While a gas power plant may ‘look and feel’ like an infrastructure asset, it is the contracts shaped around it that will determine whether it actually is one from an institutional perspective, Jim Barry, managing director and chief investment officer of Blackrock’s infrastructure investment group, told journalists during a recent press roundtable on how real assets can be added to portfolios for diversification.
“Infrastructure can be a fabulous diversifier if you do it right; if you do it wrong, you won’t end up with diversification,” Barry said. “With infrastructure, you’re buying individual assets, so the specific contractual context of the asset ultimately will shape the degree – or not – of diversification of your portfolio.”
For this reason, institutional investors need to make sure they’re buying the right asset, and the first step towards accomplishing that, according to Barry, is for investors to be very clear about what they want from the asset class and to see what they are actually getting.
Part of choosing the right asset involves taking into consideration regulatory risk. “Every infrastructure asset – whether people want to admit it or not – carries regulatory risk,” Barry said. “The public sector is that one entity in the world that can and will re-trade you if it’s in its interest and most likely will get away with it.”
Evaluating risk should include looking at the constitutional law and contract law context, as well as the economics and dynamics that might re-shape policy in the future, Barry explained, emphasizing that regulatory risk is not just present in emerging markets but in developed and mature markets as well.
Learning from the past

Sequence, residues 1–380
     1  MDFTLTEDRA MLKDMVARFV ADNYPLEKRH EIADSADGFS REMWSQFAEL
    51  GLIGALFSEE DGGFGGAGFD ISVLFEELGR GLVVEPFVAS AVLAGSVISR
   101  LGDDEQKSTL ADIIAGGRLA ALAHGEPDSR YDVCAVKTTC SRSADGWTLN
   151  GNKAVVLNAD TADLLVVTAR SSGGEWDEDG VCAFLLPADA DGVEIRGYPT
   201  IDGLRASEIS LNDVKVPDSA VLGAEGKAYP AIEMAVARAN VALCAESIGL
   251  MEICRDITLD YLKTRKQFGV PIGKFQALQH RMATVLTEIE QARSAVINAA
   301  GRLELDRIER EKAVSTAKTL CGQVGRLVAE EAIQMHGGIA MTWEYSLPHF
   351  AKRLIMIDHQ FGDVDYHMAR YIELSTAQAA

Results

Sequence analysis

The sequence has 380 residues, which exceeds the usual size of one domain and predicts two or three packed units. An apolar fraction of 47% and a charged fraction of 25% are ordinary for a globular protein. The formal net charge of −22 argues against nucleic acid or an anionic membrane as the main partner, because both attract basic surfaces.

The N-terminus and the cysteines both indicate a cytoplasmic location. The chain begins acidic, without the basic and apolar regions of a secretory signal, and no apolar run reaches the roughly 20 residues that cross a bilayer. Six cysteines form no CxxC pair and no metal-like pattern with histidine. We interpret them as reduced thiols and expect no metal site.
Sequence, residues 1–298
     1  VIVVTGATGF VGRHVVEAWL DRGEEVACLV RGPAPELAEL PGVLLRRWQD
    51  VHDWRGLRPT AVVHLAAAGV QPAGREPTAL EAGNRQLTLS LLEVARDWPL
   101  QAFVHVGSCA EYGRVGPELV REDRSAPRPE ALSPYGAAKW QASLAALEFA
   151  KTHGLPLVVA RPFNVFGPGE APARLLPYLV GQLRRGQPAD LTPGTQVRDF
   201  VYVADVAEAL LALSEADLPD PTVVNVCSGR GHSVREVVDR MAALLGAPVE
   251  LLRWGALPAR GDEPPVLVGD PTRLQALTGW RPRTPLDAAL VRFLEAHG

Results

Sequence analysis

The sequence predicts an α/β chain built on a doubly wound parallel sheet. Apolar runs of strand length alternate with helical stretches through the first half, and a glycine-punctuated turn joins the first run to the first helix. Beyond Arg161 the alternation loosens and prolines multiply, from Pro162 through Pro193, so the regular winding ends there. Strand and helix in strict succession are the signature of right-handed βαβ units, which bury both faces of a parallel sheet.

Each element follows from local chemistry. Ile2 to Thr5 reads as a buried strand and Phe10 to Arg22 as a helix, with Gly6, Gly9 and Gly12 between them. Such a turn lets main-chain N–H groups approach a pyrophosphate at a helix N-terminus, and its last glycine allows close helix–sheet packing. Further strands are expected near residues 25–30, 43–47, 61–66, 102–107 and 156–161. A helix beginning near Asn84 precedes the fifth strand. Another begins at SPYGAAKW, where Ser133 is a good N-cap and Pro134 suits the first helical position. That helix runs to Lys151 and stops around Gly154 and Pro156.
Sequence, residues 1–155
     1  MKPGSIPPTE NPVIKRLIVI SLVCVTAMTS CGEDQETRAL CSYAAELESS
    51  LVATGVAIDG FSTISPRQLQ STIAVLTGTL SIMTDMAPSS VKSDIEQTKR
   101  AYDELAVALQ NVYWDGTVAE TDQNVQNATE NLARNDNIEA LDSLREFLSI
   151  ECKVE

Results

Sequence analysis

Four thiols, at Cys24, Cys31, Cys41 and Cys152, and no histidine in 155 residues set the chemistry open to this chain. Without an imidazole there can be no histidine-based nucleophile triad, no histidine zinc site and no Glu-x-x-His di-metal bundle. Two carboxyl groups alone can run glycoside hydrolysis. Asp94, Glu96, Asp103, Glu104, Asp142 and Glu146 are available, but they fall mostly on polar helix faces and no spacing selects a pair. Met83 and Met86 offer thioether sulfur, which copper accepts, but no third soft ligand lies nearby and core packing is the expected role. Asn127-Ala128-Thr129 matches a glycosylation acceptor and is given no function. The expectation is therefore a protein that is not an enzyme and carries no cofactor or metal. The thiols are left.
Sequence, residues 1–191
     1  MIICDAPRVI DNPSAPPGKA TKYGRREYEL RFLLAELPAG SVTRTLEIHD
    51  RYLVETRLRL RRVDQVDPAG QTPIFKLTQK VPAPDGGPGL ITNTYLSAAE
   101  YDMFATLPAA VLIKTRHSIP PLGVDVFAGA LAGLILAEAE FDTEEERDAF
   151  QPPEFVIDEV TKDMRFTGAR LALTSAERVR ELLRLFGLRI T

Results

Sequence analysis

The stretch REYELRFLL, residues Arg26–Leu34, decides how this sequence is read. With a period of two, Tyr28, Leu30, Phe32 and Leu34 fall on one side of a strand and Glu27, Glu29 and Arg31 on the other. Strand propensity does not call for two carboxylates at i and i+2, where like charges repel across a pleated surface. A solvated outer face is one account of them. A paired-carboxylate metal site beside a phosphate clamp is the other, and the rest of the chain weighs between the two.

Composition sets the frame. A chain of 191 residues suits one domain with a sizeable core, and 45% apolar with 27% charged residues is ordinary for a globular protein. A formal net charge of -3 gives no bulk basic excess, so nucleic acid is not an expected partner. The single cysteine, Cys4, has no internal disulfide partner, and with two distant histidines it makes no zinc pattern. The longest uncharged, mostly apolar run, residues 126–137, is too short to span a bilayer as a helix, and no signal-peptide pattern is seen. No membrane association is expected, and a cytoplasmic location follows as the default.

While regulatory risk may go with the territory when it comes to infrastructure, other risks are not inherent to the asset class. Developments leading up to the global financial crisis, however, changed that.
Capital raising had its heyday in the 2000s, particularly between 2005 and 2007, Barry said. Suddenly, the amount of available capital rose sharply, significantly outpacing the number of opportunities available.
According to Barry, two things happened. “First, prices went up and, in the easy credit market pre-July 2007, a lot more debt went into the assets that really never was intended,” he said. “The second was that, in the hunt for deals, managers and institutions began to stretch their definition of infrastructure and suddenly a lot more risk – particularly GDP exposure – found its way into the asset than was ever intended. However, all that came to roost in the financial crisis.”
While the debt side has proven “extraordinarily resilient’, the equity side came under a lot of pressure and, in a number of notable transactions, went to zero.
“It was never intended as an asset to go to zero; capital preservation always has been considered core to it,” Barry stressed.
What lies ahead
As a result, many institutional investors have decided to go direct and there has been a flight towards larger managers, making the ‘big guys’ bigger in the process.
This shift poses two potential dangers, according to Barry. Large fund managers are going to be challenged in deploying the capital, which in turn may affect alignment of interest between the fund managers and their investors. For those institutional investors who prefer to invest directly, the challenge will be having the necessary expertise to do that successfully.
“You really have to build a big experienced team in order to be in the flow and in order to be disciplined about your investment,” Barry noted. “Most are not making that degree of commitment.”
BlackRock’s approach is simple: “Identify specific niches or subsectors of the market […] and go after them with deep, deep, deep sector expertise,” Barry said.